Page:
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I'm starting a shell script (.cmd) from my .NET application. I'd like the console window to remain open after the script has completed so that I can check for any errors. I'm trying with cmd.exe /K:my.cmd, but for some reason that does not work (the script does not get executed). Even a simple "dir" command does not work. Any other ideas?

To demonstrate, this:

System.Diagnostics.Process.Start(new System.Diagnostics.ProcessStartInfo()
{
    Arguments = "/K:dir",
    ErrorDialog = true,
    FileName = "cmd.exe",
    WorkingDirectory = @"C:\"
});

Gives me this:

C:\>

Added clarification: My application (the one that starts the script) is a windows forms application. Executing the above code opens a new console window (as it should). I want THAT new console window to remain open. Also, I cannot modify the script. It's an automated build script and it HAS to terminate.

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up vote 2 down vote accepted

I don't know if this is the whole problem, but if you run cmd /K:dir, nothing is run. Using a space instead of a colon makes it work for me.

i.e., cmd /K dir


It's also worth noting that you can test these commands in the run dialog. In any recent Windows version this can be done by holding down Win and pressing R.

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That's what you get when trying to use the command line of one program after having studied the command line of another program right before that (TortoiseSVN in my case). :P – Vilx- Jan 12 '12 at 15:51

Remove the colon from your example:

System.Diagnostics.Process.Start(new System.Diagnostics.ProcessStartInfo()
{
  Arguments = "/K dir",
  ErrorDialog = true,
  FileName = "cmd.exe",
  WorkingDirectory = @"C:\"
});
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You could place your commands in a batch (.bat) file, and make the last command within the batch file "pause" (without quotes). Then, instead of executing cmd, execute the batch file instead.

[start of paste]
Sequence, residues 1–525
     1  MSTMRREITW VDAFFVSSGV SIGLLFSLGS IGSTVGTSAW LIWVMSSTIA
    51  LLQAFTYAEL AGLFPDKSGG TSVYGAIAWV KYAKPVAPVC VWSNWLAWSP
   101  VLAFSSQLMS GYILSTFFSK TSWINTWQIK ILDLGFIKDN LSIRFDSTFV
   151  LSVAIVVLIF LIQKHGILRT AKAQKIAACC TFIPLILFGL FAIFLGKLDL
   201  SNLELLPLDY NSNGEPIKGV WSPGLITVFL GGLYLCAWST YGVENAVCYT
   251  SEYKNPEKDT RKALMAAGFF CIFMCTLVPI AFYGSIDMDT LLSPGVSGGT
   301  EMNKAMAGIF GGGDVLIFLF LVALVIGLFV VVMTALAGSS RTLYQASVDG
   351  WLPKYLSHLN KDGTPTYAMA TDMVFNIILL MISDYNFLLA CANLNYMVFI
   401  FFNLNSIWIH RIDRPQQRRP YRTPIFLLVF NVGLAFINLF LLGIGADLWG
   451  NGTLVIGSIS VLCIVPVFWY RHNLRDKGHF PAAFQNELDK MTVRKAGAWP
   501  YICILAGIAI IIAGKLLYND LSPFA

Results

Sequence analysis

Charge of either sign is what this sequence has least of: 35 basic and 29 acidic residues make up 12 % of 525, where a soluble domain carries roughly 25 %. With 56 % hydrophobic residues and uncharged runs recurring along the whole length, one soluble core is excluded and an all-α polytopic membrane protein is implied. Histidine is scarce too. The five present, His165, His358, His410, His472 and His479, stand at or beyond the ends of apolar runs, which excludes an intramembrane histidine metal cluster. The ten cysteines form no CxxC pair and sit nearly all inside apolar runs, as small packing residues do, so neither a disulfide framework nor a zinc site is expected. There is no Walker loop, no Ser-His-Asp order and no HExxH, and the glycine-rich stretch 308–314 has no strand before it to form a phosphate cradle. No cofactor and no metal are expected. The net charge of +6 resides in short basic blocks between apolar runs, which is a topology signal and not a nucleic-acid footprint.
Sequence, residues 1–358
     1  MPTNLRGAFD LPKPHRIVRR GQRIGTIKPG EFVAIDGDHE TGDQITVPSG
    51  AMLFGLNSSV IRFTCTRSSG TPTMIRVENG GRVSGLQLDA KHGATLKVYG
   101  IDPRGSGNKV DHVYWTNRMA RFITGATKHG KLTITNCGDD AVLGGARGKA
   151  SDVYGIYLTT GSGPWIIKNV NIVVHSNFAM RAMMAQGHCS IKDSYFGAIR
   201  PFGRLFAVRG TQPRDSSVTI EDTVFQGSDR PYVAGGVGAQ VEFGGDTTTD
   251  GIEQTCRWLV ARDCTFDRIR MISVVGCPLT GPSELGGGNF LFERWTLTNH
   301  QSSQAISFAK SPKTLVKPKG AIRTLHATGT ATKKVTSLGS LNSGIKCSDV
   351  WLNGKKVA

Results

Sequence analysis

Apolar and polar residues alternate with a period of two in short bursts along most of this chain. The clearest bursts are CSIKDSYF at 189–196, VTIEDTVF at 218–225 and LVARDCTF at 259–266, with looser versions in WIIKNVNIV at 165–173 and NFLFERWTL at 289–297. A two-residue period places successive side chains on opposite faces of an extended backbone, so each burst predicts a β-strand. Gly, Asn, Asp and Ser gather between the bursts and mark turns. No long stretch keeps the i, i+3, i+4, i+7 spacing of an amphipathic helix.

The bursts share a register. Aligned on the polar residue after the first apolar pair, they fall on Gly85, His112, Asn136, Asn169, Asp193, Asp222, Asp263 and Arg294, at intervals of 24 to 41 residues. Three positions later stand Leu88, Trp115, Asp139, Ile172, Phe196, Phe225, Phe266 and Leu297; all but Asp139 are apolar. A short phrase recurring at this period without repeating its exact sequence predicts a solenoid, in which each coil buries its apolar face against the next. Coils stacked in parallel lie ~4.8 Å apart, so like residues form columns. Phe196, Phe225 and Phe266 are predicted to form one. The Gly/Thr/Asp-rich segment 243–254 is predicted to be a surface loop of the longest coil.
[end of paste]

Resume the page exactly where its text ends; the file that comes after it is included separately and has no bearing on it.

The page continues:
Sample batch file - test.bat

dir pause

You could also output the results to a text file, then show the text file within your application.

DIR >results.txt
share|improve this answer
    
Plausible, but there are many such scripts and I don't want to write a separate .BAT file for each of them. I could generate a temporary .BAT file on the fly... but that seems like a hacky workaround. Isn't there a better way? – Vilx- Jan 12 '12 at 14:00
    
You could output the results to a file, then open and display the file. C:> DIR > dirResults.txt – John Easley Jan 12 '12 at 17:50

I would log errors to a file rather than keep the window open. to keep the .net console window open add

Console.ReadLine();

to the end, this will require the user to press Enter to continue. you can also use Console.ReadKey() to use any key

if you want to keep the Process windows open the command is pause

share|improve this answer
    
See the edit in the OP. – FakeRainBrigand Jan 12 '12 at 14:01

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